That trust is hard to come by ? and it’s easy to lose. Ask the German voters of 1933. Or the people who voted in Afghanistan’s first-ever presidential election last week. Or the people of Iraq, whose lives are, quite literally, on the line as they try to make something decent of their nation.
The system, the trust, is far more important than anything else. It’s more important than the White House, or Congress, or Social Security, or jobs, or even the Terror War. Our Constitution is rigged to make it hard for any party to screw things up in the short time of four years. There’s always another election around the corner, if you think the current crop of office-holders is screwing things up ? that’s the beauty of our system.
But maybe there won’t be another election, if you cause the people to lose faith that elections work.
I was raised in a very Republican family. The first election I could vote in was 1988, and I voted straight-ticket Republican. But only the one time. I grew up ? I learned that my own convictions were more important than party affiliation. I learned that my own estimation of individual candidates was more important than whether they had a D or an R next to their names. Since then, I’ve voted for a lot of Democrats, including for President.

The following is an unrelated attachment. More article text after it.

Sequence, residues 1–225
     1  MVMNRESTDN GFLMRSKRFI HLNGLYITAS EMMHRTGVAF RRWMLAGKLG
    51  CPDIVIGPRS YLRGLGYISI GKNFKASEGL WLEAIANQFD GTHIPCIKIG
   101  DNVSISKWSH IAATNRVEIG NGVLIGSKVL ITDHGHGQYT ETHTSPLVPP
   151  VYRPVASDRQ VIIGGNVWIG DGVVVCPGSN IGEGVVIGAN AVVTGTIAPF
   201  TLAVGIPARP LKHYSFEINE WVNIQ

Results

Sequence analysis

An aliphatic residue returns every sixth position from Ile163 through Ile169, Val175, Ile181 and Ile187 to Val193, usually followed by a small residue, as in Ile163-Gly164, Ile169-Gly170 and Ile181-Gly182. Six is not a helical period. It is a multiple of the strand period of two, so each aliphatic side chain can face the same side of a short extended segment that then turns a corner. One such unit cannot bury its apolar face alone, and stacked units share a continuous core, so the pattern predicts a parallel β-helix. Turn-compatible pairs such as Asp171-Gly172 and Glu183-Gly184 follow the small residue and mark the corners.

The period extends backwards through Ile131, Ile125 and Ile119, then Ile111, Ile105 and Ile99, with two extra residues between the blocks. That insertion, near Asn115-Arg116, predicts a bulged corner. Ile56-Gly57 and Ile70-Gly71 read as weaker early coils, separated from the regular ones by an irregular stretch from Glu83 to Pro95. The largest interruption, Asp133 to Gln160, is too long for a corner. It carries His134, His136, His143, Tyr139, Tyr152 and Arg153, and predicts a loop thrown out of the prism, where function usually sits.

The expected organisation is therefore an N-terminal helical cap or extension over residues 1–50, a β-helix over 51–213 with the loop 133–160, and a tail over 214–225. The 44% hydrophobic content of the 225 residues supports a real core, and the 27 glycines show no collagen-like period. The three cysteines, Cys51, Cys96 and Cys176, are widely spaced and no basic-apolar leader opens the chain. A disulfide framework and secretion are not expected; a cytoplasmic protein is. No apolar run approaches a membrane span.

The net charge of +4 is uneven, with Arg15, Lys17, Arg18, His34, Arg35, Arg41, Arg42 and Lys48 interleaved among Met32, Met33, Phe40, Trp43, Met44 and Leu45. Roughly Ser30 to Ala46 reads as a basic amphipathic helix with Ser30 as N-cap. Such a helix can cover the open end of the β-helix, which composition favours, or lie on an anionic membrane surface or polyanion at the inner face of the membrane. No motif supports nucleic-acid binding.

Now, I know this is an angry essay. However, I don’t mean to imply that all Democrats are evil and all Republicans are sweetness and light. Far from it. But for the first time in 16 years, I’m going to vote Republican straight down the line. If I have to punish a couple of local Democrats I’m fond of, then so be it, but I have to try to get a point across: The national Democratic Party is bad for this country.
I don’t say that because of their policies, which I probably agree with more than I do the Republicans. But because their tactics would cause more harm to this country than the Federal Marriage Amendment, the Republican budget deficit, and Congress’s corporate tax giveaways, combined.
I’m just one guy; I don’t expect my vote to mean much. But the Democrats are willing to treat ? in advance - my vote, and all it represents, with feigned contempt. So I can’t, in return, treat the Democrats with anything less than genuine contempt.
The problem is that the Democrats think that they are “right” on issues and because they think they are “right” they have license to do whatever it takes to win, no matter how destructive the actions they take might be to a representitive republic.
This attitude is pervasive in the Democrat Party. Read “Rules for Radicals” and you will understand the philosophy that says, “because we are right, anything we do to win is justified by our rightness.” Scary.